Converting your recipes from processed flour to using wholegrain pastry flour is not that difficult if you understand the three components of the wheat berry; bran, endosperm and germ. The baking properties of the whole grain flour will be different.
All grains starts life as whole grain, before they are processed and parts are removed. The whole grain berry is made up of three parts, the bran, germ and the endosperm.
The Bran; which is insoluble fiber makes up the outer cover of the berry and is about 14% of the total weight of the berry.
The Germ; which contains healthy fats, is the smallest part of the berry by weight, making up only about 3%. The germ also contains most of the berries valuable vitamins and minerals.
The Endosperm; is the largest part of the grain making up 83% or more by weight of the berry. The endosperm is mainly carbohydrates with little vitamins and minerals. Soft White berries has a greater amount of endosperm then other berries.
1 cup of processed All Purpose flour is 100% endosperm (carbohydrates)
1 cup of whole grain flour is 14% bran (roughage)
3% germ (oil)
83%+ endosperm (carbohydrates)
Bran: Will not absorb the liquid in the recipe as quickly.
Germ: Is oil which makes the absorption of liquid difficult in the recipe.
Endosperm: There is physically less of it per cup than processed flour.
Some of your recipes will work just great others you may have to tweak a bit like adjust the water or flour. Cookies and quick breads are very forgiving but cakes, biscuits and some muffins may need a bit of adjustment.
Concerned about the "wheat" taste
1. One option is try substituting orange juice for a small proportion of the liquid in the recipe. We have also found if the recipe has dairy in it the "wheat" taste is less pronounced.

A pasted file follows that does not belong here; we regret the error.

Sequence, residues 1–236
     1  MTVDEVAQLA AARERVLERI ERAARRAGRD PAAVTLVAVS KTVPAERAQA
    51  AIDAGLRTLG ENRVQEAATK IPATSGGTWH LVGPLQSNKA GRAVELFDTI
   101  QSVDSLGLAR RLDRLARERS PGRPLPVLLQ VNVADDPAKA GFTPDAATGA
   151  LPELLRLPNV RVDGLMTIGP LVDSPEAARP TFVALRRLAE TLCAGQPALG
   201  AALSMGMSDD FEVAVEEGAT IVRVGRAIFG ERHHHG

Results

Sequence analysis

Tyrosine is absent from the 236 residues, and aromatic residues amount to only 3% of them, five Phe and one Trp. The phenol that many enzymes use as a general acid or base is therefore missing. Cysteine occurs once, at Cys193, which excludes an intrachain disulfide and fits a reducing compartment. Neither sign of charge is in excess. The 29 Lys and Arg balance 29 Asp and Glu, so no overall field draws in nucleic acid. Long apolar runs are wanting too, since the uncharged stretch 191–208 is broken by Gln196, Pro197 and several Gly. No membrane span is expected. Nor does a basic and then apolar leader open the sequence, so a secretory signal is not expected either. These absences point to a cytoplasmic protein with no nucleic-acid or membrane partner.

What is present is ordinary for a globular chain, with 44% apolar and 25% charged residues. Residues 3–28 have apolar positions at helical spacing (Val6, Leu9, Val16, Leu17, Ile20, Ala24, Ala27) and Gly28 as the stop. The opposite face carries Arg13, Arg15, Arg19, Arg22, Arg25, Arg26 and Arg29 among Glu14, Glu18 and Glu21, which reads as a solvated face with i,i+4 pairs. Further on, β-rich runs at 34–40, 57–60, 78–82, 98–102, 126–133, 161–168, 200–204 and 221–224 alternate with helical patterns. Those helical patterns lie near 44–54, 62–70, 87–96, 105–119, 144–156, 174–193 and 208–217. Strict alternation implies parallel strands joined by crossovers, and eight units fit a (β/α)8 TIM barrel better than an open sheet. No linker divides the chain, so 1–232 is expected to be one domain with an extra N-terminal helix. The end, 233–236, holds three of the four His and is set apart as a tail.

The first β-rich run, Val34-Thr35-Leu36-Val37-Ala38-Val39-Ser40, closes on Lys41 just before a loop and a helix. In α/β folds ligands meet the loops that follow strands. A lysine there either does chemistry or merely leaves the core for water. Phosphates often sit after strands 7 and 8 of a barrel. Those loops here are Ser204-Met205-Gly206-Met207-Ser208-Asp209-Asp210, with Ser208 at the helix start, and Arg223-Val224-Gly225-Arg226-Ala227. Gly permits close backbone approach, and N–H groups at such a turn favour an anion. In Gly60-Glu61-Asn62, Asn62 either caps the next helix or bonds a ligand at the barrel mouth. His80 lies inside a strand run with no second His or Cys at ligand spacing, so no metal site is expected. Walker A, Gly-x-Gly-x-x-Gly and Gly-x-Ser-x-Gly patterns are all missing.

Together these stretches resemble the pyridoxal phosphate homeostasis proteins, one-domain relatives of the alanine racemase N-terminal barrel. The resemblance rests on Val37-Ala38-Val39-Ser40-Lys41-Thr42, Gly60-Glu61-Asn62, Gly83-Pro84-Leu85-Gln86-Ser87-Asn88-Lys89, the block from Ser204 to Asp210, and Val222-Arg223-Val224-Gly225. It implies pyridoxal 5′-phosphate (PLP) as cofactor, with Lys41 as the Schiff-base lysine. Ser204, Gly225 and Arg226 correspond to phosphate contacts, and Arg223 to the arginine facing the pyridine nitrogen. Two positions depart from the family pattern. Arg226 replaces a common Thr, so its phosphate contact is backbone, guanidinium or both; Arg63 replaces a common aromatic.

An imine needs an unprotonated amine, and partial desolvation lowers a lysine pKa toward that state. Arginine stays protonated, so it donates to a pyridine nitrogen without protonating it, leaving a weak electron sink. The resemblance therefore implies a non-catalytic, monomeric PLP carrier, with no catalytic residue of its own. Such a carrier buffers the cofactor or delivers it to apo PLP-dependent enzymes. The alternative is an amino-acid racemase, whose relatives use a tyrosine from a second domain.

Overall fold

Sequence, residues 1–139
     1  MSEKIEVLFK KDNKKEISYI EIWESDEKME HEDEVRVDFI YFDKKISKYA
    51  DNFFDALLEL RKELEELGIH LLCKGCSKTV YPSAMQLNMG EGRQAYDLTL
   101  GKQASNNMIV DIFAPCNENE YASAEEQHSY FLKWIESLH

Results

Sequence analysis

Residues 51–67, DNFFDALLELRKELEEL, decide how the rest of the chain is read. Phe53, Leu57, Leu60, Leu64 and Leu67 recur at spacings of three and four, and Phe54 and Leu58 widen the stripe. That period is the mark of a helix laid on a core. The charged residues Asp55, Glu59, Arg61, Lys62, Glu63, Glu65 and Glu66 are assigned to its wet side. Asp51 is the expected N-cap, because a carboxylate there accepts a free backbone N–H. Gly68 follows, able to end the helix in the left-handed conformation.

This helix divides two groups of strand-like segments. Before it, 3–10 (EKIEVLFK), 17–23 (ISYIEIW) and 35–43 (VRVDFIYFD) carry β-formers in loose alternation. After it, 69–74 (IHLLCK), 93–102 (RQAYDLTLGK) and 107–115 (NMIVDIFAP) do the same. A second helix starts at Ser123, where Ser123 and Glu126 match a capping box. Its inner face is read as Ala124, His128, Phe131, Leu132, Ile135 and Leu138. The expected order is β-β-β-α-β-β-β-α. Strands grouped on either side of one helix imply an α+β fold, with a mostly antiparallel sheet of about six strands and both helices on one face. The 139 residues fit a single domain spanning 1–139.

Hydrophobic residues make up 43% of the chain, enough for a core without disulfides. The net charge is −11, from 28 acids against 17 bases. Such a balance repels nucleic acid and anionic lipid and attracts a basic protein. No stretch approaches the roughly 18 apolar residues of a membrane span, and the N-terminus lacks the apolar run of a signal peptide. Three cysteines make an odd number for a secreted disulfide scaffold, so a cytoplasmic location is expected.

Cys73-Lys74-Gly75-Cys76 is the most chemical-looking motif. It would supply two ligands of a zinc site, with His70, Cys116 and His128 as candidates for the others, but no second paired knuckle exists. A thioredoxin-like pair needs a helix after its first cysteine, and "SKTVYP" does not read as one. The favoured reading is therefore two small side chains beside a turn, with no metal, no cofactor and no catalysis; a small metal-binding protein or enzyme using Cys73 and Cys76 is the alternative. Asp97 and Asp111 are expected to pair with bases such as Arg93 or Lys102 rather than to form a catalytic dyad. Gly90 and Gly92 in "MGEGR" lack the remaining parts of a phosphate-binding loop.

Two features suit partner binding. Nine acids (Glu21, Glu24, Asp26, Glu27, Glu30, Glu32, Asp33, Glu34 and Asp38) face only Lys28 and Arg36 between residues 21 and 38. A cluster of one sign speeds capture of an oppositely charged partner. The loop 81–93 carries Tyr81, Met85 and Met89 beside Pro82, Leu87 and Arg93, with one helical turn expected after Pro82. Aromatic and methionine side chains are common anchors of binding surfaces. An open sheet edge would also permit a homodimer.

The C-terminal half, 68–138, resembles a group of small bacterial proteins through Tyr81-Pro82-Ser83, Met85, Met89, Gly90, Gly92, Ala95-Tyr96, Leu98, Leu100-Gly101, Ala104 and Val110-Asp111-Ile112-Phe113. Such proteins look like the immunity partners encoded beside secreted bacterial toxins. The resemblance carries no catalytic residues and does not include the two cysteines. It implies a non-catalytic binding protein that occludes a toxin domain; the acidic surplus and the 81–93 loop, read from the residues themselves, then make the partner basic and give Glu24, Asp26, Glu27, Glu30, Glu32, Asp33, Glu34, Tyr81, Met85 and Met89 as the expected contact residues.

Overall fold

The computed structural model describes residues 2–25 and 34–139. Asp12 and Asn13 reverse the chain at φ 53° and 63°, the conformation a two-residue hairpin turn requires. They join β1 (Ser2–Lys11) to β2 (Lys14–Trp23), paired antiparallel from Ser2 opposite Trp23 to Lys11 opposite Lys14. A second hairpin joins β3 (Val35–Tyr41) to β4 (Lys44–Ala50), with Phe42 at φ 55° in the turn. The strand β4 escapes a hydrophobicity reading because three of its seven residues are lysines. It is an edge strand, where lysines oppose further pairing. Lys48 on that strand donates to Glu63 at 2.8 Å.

What Work Well in Non Yeast Products
2. Add 1-2 tablespoons per cup extra flour to your recipe, the reason is there is less endosperm in the whole grain flour. This is not usually needed with cookies and bars but definitely cakes, biscuits and some muffins. Now the opposite will be true if the recipe is for using 100% whole grain flour and you have all purpose flour, will need to reduce the flour in the recipe by 1-2 T. per cup. Another option is when the recipe is for all purpose flour and you will be using whole grain is to add 2 tsp. additional liquid per cup to the recipe.
3. Let your ingredients sit 10 -15 minutes before baking to allow the liquid to be absorbed due to the bran and the germ in the flour. If you have time, chill the dough for at least 30 minutes and up to 2 hours or overnight. Cookies will be chewy and spread less if the dough is chilled. You will have to add a few minutes to the bake time to account for the cold dough.
4. Add extra leavening agents due to the weight of the bran and germ in the flour. Use a minimum of 1 teaspoon of baking powder per cup of flour in the recipe.
5. Batters that have acid ingredients, baking soda needs to be added to neutralize the acid so the baking powder can be fully effective.
Examples of Baking Soda adjustment
1/2 tsp. soda for 1 cup buttermilk
1/4 tsp. soda for 1 tsp. vinegar or lemon juice
1/4 tsp. soda 1/4 c. to 1/2 c. molasses or honey
Adjust the recipe, take very good notes and weight out all of your ingredients. If the recipe does not turn out exactly perfect you will have a base from which to make your next adjustments. Sometimes it takes a few tries to get it perfect, especially for cakes and some muffins.